EC:  Sometimes they do, and sometimes they don’t.  As always has been the case throughout musical history, some composers have an instinctual feel for writing music with words, and it just falls into place.  Other composers have the whole piece in mind, and the voice is an instrument.  This has been going on since Bach, or since pre-Bach.  He certainly treated the voice like another instrument, and that still goes on today.  I think that’s the nature of a composer’s style and statement.  If they want to make a large musical statement and everyone fits into his slot, then the voice will sometimes be asked to do things that they can’t do.  And when that happens, every person for whom the piece is being written, every singer has the right to go to that composer and say, “Look, this doesn’t work!”  And composers will listen.  I’ve never run into one who was not willing to make changes, or adapt it to my particular voice.  If it was for me, it was usually too high for too long.  If you have a G above high C, they’ll want you to sing it ten times in the first two pages...

BD:  ...which is fine if you’re an E-flat clarinet!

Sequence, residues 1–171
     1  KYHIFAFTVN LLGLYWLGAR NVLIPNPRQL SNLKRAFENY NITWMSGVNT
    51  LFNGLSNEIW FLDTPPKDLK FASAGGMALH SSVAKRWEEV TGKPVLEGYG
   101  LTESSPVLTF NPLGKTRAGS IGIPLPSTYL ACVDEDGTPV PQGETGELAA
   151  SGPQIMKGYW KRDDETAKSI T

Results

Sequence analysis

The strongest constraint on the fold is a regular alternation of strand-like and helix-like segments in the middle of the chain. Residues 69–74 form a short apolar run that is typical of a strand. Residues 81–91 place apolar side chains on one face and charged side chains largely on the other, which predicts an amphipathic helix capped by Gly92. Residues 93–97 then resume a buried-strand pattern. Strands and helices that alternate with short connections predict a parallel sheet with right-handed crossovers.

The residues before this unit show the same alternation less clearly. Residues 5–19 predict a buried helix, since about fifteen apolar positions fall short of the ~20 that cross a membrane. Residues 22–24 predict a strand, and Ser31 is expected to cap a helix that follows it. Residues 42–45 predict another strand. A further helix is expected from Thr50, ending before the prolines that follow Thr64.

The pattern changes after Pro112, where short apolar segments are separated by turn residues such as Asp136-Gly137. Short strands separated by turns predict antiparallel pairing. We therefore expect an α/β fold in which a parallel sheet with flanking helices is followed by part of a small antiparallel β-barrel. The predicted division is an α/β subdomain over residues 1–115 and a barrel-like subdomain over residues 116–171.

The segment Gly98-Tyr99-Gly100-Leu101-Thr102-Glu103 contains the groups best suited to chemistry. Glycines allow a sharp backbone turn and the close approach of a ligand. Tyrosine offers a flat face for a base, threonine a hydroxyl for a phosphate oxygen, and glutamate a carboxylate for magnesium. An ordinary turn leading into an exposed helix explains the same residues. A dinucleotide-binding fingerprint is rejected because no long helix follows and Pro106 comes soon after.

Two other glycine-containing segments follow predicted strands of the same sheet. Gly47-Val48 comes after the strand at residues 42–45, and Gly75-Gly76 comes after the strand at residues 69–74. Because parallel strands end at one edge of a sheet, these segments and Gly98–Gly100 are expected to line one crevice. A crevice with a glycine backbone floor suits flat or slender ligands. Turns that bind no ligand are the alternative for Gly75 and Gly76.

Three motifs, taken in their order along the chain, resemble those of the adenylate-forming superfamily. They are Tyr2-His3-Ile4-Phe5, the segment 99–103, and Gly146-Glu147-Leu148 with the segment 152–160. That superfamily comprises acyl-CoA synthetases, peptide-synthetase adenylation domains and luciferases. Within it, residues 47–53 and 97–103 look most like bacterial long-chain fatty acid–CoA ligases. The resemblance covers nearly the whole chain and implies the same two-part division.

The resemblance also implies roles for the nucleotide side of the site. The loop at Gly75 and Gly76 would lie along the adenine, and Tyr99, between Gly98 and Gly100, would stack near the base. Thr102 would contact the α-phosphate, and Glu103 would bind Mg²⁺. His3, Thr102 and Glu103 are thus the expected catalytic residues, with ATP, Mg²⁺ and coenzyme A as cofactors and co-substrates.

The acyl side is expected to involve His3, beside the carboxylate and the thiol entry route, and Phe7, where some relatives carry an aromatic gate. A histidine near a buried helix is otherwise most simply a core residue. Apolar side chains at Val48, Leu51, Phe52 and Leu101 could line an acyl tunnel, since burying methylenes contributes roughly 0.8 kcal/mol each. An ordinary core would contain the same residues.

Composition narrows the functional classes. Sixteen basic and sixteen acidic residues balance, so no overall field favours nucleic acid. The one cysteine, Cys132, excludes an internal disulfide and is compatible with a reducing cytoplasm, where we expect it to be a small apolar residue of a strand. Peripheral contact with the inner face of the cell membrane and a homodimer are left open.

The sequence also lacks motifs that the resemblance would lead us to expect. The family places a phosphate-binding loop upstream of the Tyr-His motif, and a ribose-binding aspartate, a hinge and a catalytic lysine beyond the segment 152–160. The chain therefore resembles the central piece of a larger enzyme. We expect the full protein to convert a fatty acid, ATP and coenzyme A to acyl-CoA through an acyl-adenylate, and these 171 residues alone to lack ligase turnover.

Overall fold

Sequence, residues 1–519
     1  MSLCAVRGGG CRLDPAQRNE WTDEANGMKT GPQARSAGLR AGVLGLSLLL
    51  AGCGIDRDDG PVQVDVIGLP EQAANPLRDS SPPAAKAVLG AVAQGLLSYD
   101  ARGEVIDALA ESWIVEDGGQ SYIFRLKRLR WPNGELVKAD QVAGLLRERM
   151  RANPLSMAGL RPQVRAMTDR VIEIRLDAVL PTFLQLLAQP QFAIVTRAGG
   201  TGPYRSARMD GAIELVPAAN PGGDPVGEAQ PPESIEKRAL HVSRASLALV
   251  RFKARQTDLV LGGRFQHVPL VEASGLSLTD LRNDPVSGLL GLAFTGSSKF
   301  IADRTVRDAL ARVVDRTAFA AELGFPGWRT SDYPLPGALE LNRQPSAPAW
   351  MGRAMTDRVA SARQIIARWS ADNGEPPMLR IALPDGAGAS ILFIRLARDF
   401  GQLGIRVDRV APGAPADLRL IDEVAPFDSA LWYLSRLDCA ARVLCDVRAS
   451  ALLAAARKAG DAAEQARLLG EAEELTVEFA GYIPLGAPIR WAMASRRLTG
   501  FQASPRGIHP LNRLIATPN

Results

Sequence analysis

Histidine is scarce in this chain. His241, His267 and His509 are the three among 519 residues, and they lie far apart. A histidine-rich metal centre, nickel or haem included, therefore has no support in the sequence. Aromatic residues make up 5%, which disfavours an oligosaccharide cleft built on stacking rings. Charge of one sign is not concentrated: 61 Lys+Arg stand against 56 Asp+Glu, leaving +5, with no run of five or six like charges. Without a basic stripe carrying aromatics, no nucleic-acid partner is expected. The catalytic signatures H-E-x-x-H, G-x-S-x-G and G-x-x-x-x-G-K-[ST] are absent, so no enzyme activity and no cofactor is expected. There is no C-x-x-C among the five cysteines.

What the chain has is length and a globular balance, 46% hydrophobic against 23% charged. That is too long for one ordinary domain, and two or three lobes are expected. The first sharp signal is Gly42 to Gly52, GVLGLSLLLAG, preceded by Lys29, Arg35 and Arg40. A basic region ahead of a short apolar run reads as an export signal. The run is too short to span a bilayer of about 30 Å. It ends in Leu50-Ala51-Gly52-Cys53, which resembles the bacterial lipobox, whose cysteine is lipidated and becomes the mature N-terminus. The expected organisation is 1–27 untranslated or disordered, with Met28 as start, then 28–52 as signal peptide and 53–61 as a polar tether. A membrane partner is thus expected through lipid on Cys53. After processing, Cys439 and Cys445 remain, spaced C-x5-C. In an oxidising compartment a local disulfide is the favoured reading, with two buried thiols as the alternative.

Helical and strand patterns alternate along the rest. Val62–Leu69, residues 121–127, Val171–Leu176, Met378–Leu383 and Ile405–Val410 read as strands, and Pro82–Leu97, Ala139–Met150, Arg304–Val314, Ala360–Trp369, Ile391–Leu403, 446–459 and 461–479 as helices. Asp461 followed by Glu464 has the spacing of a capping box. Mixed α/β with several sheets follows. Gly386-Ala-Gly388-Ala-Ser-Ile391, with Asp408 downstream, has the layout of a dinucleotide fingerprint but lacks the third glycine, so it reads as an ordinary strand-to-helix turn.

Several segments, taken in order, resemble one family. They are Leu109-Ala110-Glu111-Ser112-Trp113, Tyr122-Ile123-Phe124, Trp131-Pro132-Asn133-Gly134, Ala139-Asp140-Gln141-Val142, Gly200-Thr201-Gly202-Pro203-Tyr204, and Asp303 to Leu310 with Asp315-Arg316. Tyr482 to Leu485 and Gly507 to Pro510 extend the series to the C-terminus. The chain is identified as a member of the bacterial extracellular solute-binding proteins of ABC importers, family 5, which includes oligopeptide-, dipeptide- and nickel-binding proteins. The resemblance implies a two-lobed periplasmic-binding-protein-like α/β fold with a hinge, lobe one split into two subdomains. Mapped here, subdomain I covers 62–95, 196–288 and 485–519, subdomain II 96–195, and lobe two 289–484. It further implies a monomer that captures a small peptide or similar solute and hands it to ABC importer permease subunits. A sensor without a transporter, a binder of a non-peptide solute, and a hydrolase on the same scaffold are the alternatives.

EC:  Yes, right!  Very few of them realize what that really means, and so they’re very willing to adjust things like that.

BD:  When you get a new, untried work, how do you decide if you’re going to learn it and work on it and perform it, or turn it aside for another reason?

EC:  You practice it.  You put it up against the piano and you sing it.  You go through it until you get the feel of it, and that doesn’t take long.  After you’ve had some experience, you can tell pretty much by even looking at it whether you can do it or not, but sometimes you have to go home and give it a whirl.  Never, ever accept a piece sight unseen, and never, ever accept a piece without having done this process in which you discover whether you can do it or not.  Even then you have to make changes sometimes.

BD:  Without naming names, are there pieces or composers that you’ve just turned down flat?